Canada’s federal election results, and the ‘resignation crisis’
Elections Canada is facing a resignation crisis, with hundreds of civil servants and other senior employees being urged to step down amid a growing number of resignations, internal documents show.
The exodus of civil service workers in recent weeks has sparked concerns among election experts that the agency may be losing control of its election work.
Elections Canada was supposed to be a quasi-independent agency that could make determinations about whether an election should be conducted or not.
Instead, it has been turned into an extension of the federal election campaign.
The agency was supposed in October to be run by a board of commissioners and be staffed by volunteers and public servants.
But on Oct. 19, the Conservative government cancelled that plan and appointed a new, non-partisan election commissioner, Andrew MacDougall.
MacDougold has repeatedly said he would only be appointing the agency’s first board members, and said he will make the hiring process transparent.
“I’m not going to put in place a process that will result in the appointment of a board member, but I do know that when that process is completed, I will have done the right thing by the public servants,” MacDougill said in a statement to the House of Commons on Monday.
The resignation of several civil servants, including some in the office of the chief electoral officer, has prompted concerns that the Conservative election campaign was not being properly run.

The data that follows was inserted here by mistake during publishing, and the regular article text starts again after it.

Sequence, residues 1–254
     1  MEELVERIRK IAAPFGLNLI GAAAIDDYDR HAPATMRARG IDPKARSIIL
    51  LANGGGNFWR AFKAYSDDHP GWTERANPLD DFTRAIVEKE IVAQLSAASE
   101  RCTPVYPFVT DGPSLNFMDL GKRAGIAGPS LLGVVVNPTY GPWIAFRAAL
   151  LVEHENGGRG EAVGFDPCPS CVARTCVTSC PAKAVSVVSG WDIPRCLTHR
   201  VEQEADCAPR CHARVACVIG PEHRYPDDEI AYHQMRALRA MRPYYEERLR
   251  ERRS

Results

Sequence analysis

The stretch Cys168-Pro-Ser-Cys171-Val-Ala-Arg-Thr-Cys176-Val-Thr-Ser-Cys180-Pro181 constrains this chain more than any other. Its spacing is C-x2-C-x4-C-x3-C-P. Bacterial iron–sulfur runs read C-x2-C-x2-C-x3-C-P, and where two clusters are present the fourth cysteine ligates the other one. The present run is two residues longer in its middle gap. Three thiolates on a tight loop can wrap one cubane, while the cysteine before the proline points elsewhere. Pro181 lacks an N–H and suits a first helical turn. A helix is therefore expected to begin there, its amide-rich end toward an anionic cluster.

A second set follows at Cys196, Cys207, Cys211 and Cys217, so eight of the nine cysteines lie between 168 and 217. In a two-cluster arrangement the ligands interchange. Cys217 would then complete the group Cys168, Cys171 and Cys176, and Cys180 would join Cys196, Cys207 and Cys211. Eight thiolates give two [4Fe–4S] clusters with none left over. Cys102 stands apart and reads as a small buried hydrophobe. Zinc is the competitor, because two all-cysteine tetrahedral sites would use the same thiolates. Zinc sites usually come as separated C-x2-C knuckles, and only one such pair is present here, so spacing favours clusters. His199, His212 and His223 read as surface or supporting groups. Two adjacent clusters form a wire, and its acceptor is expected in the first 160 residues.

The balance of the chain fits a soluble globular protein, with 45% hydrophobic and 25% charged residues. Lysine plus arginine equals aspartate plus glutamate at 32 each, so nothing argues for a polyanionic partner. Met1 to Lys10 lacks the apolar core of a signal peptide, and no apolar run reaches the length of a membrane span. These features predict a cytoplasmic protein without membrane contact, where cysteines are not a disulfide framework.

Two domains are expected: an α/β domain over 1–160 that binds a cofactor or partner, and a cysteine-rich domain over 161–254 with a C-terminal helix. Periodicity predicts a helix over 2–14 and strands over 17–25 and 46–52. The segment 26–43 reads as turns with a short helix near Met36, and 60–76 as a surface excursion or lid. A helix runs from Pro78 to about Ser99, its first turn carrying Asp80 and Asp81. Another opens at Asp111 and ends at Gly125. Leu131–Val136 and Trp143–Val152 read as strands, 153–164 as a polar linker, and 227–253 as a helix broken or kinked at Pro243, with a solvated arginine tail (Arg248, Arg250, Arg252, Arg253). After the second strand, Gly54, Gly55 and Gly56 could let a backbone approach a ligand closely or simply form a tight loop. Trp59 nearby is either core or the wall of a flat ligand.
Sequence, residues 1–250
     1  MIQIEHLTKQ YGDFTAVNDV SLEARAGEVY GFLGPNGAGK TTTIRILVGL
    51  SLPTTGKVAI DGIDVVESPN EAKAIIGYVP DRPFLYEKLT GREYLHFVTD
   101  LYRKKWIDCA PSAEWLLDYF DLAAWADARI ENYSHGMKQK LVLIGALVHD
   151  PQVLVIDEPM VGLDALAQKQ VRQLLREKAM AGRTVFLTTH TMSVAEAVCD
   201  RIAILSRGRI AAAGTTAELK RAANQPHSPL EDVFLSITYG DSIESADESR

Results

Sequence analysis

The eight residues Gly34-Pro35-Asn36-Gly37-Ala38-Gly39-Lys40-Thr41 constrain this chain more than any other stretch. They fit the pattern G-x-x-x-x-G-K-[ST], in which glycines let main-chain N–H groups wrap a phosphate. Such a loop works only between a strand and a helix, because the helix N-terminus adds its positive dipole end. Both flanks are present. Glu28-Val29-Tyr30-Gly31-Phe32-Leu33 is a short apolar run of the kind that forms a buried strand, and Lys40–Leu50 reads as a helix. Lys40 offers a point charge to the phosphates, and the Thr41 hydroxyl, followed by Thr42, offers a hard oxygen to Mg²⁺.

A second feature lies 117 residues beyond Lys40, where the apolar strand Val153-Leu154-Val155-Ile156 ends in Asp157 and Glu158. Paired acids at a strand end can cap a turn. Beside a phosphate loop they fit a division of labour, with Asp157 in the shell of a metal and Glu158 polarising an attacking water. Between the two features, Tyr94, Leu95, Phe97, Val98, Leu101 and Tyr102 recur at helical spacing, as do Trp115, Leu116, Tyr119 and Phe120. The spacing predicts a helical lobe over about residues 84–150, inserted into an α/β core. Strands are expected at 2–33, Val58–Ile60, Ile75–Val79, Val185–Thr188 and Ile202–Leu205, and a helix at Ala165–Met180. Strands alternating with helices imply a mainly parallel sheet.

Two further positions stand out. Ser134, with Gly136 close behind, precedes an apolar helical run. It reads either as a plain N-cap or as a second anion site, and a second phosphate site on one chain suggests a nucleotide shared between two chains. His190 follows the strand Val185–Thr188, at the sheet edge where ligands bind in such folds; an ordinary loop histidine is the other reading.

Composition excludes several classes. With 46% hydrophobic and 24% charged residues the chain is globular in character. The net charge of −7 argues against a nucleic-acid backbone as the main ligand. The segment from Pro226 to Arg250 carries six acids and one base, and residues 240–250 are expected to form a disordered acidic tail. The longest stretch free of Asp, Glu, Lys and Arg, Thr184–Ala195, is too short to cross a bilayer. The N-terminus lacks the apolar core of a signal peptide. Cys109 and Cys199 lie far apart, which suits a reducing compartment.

It is unclear what role, if any, the agency is playing in determining whether the election will be conducted.
The government’s decision to cancel the election commission is not expected to affect the final results of the Oct. 27 election, which the Liberals are expected to win.
Elections Ontario, the campaign arm of the Liberals, said it is still investigating allegations of election fraud, and has asked the provincial electoral officer to investigate the situation.
The Liberals’ election watchdog, the Office of the Independent Auditor General, is also conducting its own investigation into the issue.
While the resignation of some of Elections Ontario’s civil servants is the focus of this investigation, it is also the subject of the Office’s ongoing review of the agency.
Elections officials are not required to publicly comment on an ongoing investigation.
The OIG is expected to release its findings in the coming months.
The Liberal government has promised to “drain the swamp” in Elections Canada and to rein in the agency before the next election.
In the meantime, many civil servants are taking voluntary leave of absence.
A spokesman for Elections Ontario said that while there are some civil servants who will be leaving voluntarily, the vast majority of the remaining employees are taking leave.
The spokesperson did not give details on what is causing the voluntary leave.
In an interview on Sunday, MacDougalls said that he is looking at options for appointing a new election commissioner.
But MacDougells was not willing to say whether he would accept the resignation from Elections Canada’s first chief electoral official, who resigned this week after being accused of sexual harassment.
MacDougal also said he is working on creating a new process for hiring new employees to replace the departing employees.
“The process is in place.
I’ll have a process in place to look at it.
We’re going to look into it,” MacDougan said.
In addition to the OIG, the Ombudsman is also investigating the matter. “
And if we’re not going into that situation, then I’m not happy.”
In addition to the OIG, the Ombudsman is also investigating the matter.
The public servants who are leaving the agency are: